Marissa Mayer leaves Yahoo! and receives 23 million severance package

Yahoo sold out to Verizon, after user data breach scandals kept hidden, but for executives the farewell "gifts" are not lacking

All the bigwigs of the former Yahoo, which will change its name to Altaba, will not leave empty-handed unlike the rumors circulating in recent weeks. The now ex CEO Marissa Mayer will not cry misery with in her pocket a severance pay of 23 million dollars, of which 3 million in cash.

Managing a company badly, bringing it almost to the bankruptcy, hiding hacker attacks of pharaonic proportions - with related data theft - evidently is not a crime if the bigwigs of Yahoo, soon to be owned by Verizon, leave with a good haul of millions in their pockets. It will be thanks to ad hoc contracts that protect them from any fault, negligence and omission. So much for those poor users who have suffered damages, even huge ones, after the repeated violations of the systems of a company that had to guard their personal data. The rumors that claimed that those responsible would go away empty-handed has been denied by the documents filed with the U.S. Securities and Exchange Commission.

Does one learn from mistakes and does one gain?

In the documents in question, it turns out that Yahoo will give out substantial severance pay to executives who will leave the company when the historic Internet site will change its skin to become Altaba, now in the hands of Verizon. Yahoo CEO Marissa Mayer will receive a package of cash, stock, and miscellaneous benefits totaling $23,011,325 million upon completion of the transaction, including $3 million in cash. But she won't be the only one to walk away with a nice little nest egg.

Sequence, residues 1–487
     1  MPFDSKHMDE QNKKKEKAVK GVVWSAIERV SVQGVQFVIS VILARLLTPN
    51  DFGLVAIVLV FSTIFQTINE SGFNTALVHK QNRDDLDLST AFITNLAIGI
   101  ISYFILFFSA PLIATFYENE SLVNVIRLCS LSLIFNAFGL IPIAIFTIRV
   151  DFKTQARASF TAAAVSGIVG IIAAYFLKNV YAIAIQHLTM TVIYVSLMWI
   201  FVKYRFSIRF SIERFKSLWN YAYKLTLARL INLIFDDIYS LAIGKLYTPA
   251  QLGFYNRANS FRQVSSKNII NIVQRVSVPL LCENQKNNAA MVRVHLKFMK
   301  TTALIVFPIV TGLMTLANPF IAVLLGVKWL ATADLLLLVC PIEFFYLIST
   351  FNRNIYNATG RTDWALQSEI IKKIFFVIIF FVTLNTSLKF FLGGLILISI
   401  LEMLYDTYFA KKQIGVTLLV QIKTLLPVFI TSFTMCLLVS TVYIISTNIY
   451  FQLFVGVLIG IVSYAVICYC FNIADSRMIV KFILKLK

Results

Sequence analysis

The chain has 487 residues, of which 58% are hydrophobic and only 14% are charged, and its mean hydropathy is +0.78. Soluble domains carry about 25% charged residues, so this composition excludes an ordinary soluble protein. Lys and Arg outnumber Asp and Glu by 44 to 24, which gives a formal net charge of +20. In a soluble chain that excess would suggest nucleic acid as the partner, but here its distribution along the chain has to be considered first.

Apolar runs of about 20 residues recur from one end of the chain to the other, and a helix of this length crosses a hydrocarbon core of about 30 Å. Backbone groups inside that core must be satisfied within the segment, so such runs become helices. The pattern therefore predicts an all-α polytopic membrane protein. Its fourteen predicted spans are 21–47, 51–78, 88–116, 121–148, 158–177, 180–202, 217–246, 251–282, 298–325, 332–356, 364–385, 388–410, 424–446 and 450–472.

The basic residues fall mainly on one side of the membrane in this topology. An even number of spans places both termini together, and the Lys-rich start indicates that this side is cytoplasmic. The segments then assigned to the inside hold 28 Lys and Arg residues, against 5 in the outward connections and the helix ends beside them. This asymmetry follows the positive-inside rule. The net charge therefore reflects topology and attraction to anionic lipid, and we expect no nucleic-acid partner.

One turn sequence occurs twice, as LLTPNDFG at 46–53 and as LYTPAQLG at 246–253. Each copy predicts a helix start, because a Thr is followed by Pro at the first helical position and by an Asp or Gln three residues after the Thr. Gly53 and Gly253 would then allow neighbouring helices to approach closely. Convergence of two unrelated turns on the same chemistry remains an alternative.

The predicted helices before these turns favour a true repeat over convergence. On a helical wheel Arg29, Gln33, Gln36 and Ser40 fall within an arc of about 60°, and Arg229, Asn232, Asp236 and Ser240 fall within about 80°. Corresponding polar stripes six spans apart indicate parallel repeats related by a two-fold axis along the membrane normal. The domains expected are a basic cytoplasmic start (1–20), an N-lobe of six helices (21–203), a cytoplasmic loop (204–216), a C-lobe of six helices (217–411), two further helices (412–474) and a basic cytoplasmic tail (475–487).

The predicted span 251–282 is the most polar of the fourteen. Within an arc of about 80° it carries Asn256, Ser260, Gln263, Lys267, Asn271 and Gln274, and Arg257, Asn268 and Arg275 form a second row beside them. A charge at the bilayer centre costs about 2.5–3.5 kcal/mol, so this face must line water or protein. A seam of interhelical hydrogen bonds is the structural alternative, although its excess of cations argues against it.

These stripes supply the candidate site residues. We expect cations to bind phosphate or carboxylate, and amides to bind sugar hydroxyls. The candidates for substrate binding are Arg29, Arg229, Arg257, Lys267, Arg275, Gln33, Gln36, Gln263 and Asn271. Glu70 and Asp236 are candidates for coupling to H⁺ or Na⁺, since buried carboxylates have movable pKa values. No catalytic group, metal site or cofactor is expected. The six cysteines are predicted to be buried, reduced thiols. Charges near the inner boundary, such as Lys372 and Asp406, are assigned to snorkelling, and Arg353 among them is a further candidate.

Golden Parachutes

Lisa Utzschneider, Yahoo's chief revenue officer, will receive a severance package of about $16 million, while Ken Goldman, Yahoo's chief financial officer, will get a "goodbye" of more than $9 million. David Filo, Yahoo's co-founder, will take home $15 million in cash in addition to a two-year health insurance policy. Ronald Bell, Yahoo's general counsel, who resigned March 1, left, instead, empty-handed.

Mayer and co. knew about the breaches

These are the documents that will be sent to Yahoo shareholders before the extraordinary meeting - not yet set - to approve Verizon's acquisition of the company, although it is, in all likelihood, a pro-forma. Yahoo that was already not sailing in good waters, after the public revelation of the unprecedented and undisclosed breaches, has lost 350 million dollars of its value. In addition to the trust of many users who have "fled" to other web services. And through it all, Mayer and other Yahoo executives knew about the breaches well before the acquisition by Verizon began.